Dr. Karine Severe is an internal medicine physician with GHESKIO, the Haitian Group for the Study of Kaposi’s Sarcoma and Opportunistic Infections, a health center set up in the early 1980s to battle the enormous AIDS epidemic that ravaged Haiti. The center has evolved over the decades to become a comprehensive health facility, rising to meet the health challenges of the underserved and impoverished. GHESKIO has become ground zero in the fight to keep the post-earthquake cholera epidemic from engulfing Port-au-Prince. Dr. Severe has a ground-level view of how the cholera epidemic established itself in her home country. Yet, despite the herculean challenges this impoverished island nation has faced, the epidemic came to Haiti by means that were not inevitable. Read the full article.
Dear Medicine In Action Family,
As you may already know, I co-founded Medicine in Action in 2005 with Dr. Karolynn Echols. We are a grassroots 501c3 non-profit dedicated to helping women in developing countries. We have worked in Jamaica, Tanzania and Haiti. Our main work currently takes place in Jamaica where we currently host 2 medical missions each year. Our emphasis is on women’s health care, both in primary care and GYN surgery. Furthermore, we have established a partnership with Victoria Jubilee Hospital in Kingston, Jamaica where our physicians are helping to train the residents in Jamaica, specifically in urogynecology.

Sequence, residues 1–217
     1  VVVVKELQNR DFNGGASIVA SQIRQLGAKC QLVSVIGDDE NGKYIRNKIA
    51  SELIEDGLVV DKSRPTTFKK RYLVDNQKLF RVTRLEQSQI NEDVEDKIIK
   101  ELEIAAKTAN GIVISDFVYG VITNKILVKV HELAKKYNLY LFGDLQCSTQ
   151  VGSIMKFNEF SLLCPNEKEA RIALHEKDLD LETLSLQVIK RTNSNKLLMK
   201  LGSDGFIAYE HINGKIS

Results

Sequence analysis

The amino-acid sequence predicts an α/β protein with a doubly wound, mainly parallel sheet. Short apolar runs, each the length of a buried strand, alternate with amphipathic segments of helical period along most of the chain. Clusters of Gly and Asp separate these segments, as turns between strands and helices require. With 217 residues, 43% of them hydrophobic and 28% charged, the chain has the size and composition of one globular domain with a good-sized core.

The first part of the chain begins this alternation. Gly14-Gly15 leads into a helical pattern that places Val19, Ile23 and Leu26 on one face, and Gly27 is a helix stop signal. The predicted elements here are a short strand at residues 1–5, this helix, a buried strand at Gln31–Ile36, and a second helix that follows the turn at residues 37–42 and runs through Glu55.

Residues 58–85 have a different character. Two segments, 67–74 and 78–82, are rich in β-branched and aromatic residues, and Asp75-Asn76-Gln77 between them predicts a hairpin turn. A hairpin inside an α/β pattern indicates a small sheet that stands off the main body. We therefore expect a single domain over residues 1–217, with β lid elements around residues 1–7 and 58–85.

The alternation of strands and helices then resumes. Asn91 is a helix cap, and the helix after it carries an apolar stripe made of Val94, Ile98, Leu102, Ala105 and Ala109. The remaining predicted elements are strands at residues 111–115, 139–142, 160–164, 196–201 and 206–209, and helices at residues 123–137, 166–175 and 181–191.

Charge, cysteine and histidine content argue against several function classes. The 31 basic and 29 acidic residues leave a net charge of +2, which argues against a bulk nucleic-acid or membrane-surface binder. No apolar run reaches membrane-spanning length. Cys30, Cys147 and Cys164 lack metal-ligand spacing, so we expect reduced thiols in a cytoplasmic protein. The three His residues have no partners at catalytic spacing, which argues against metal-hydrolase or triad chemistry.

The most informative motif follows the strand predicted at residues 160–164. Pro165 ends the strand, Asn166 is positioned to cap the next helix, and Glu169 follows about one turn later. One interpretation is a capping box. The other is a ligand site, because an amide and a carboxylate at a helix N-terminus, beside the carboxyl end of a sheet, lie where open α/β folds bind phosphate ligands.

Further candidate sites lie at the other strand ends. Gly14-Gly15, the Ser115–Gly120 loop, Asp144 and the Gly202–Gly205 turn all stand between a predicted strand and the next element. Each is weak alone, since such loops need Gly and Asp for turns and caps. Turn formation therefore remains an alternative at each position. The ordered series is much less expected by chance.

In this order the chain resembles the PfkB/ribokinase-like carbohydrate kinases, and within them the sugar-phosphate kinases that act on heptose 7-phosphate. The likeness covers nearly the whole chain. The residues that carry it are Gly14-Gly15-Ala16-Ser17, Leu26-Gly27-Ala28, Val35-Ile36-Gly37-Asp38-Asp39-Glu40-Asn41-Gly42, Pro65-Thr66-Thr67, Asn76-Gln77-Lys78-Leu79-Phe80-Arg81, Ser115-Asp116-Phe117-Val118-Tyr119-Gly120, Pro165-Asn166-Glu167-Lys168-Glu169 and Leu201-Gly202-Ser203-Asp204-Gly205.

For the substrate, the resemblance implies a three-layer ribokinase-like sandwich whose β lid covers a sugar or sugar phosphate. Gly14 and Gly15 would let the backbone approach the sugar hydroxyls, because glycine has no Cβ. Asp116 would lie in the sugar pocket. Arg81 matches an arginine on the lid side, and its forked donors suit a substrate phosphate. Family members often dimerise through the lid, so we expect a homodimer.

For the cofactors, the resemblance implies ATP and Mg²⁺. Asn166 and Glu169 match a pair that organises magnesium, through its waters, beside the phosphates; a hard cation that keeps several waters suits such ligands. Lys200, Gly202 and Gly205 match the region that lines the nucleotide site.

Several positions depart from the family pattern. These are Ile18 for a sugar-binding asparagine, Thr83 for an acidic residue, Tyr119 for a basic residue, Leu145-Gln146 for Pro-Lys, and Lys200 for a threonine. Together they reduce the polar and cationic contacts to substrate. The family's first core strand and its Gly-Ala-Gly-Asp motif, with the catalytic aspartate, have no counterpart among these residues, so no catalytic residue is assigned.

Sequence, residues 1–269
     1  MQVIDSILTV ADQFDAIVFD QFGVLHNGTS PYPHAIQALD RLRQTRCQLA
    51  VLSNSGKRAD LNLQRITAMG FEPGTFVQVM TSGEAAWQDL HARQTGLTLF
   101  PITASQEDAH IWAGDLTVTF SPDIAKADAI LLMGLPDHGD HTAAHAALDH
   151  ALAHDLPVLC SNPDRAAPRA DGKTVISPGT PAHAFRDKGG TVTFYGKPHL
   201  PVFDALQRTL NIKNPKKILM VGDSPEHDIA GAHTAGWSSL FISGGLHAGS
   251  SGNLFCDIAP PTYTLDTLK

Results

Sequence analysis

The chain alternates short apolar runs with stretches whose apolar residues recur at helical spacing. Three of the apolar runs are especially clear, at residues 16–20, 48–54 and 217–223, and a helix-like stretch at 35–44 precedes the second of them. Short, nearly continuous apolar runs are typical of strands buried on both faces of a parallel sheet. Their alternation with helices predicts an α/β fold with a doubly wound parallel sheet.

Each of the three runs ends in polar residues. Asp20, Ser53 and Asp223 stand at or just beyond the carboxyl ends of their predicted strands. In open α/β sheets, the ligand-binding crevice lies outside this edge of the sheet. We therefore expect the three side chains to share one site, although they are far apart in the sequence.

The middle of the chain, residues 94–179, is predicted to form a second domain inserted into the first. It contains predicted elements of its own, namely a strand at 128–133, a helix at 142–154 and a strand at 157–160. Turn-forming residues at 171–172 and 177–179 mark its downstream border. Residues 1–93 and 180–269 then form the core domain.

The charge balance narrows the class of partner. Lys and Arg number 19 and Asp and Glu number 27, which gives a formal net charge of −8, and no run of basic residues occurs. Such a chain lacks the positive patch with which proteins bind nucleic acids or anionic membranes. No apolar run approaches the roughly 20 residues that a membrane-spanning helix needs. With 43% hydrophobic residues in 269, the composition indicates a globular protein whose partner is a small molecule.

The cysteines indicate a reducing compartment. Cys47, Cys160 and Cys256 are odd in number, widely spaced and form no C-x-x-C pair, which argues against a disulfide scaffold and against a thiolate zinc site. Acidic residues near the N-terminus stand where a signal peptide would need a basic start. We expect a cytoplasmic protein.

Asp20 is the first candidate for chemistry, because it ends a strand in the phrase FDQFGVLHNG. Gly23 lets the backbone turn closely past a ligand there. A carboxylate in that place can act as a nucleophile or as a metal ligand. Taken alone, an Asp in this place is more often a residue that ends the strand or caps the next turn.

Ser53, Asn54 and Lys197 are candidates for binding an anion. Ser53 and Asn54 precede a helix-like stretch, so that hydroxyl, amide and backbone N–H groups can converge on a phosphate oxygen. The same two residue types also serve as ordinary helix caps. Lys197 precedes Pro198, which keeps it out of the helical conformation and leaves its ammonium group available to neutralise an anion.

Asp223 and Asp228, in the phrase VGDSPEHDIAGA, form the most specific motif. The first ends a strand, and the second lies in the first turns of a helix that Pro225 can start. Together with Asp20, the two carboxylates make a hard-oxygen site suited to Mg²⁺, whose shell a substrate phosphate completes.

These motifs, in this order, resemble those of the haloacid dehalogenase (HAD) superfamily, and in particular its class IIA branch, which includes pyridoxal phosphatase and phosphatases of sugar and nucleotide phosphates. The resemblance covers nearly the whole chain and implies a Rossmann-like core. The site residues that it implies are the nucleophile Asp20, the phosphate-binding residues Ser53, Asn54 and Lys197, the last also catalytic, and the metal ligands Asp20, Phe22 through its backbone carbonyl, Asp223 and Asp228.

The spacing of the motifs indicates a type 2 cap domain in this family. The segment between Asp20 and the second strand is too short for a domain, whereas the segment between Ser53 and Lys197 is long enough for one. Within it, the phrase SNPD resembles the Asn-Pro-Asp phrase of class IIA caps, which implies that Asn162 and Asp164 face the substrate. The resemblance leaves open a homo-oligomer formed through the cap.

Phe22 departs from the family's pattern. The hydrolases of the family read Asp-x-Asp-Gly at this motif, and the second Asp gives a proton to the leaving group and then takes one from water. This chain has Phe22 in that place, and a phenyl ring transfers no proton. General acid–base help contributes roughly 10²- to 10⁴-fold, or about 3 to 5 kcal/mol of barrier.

I took a break from the medical missions after having the twins back in 2012. This was a difficult decision for me as MIA had been such a huge part of my life. But now, I’m ready to get back into action!! Delivering quality medical and surgical care to the women of Jamaica, in my home country, has always been a really important part of my life’s work, hence the reason for starting MIA back in 2006.
To kick off my return to MIA, I am planning on riding the Napa Wine Century as a fundraiser for Medicine in Action. The funds raised will go mainly to costs associated with patient care, such as buying supplies and equipment used in clinics to see patients as well as in surgeries. Specifically, ware hoping to purchase an ultrasound machine and a cystoscopy set. A portion will also go towards the Sugar Scholars Medical Student Scholarship program. This is the student scholarship program that was set up in honor of my father Alton “Sugar” Chong.
The Napa Wine Century will take place on May 2, 2015 and is a 100 mile road bike ride. It will take me all day to ride and I’ve been training now for about two months. As you may know, I broke my arm last year after falling off a cliff, mountain biking. This was a little set back, to say the least, as I was off my bike for about 4 months. Getting back into shape has been quite a challenge.
My goal is to raise $5000 before the ride. There are two ways to donate. You can either donate a flat fee, or you can pledge an amount based on how many miles I ride while I’m training. If you chose to pledge per training mile, your credit card will not be billed. I will ask for your donation at the end of my training. I plan on uploading all my rides via strava on my facebook page and for all those cycling enthusiasts, I invite you to follow me there. Checks can be mailed to me at 8101 Skyline Blvd, Oakland CA, 94611 and made to Medicine in Action.
Thank you in advance for your consideration and support. All donations are tax deductible.
Debbie Chong, MD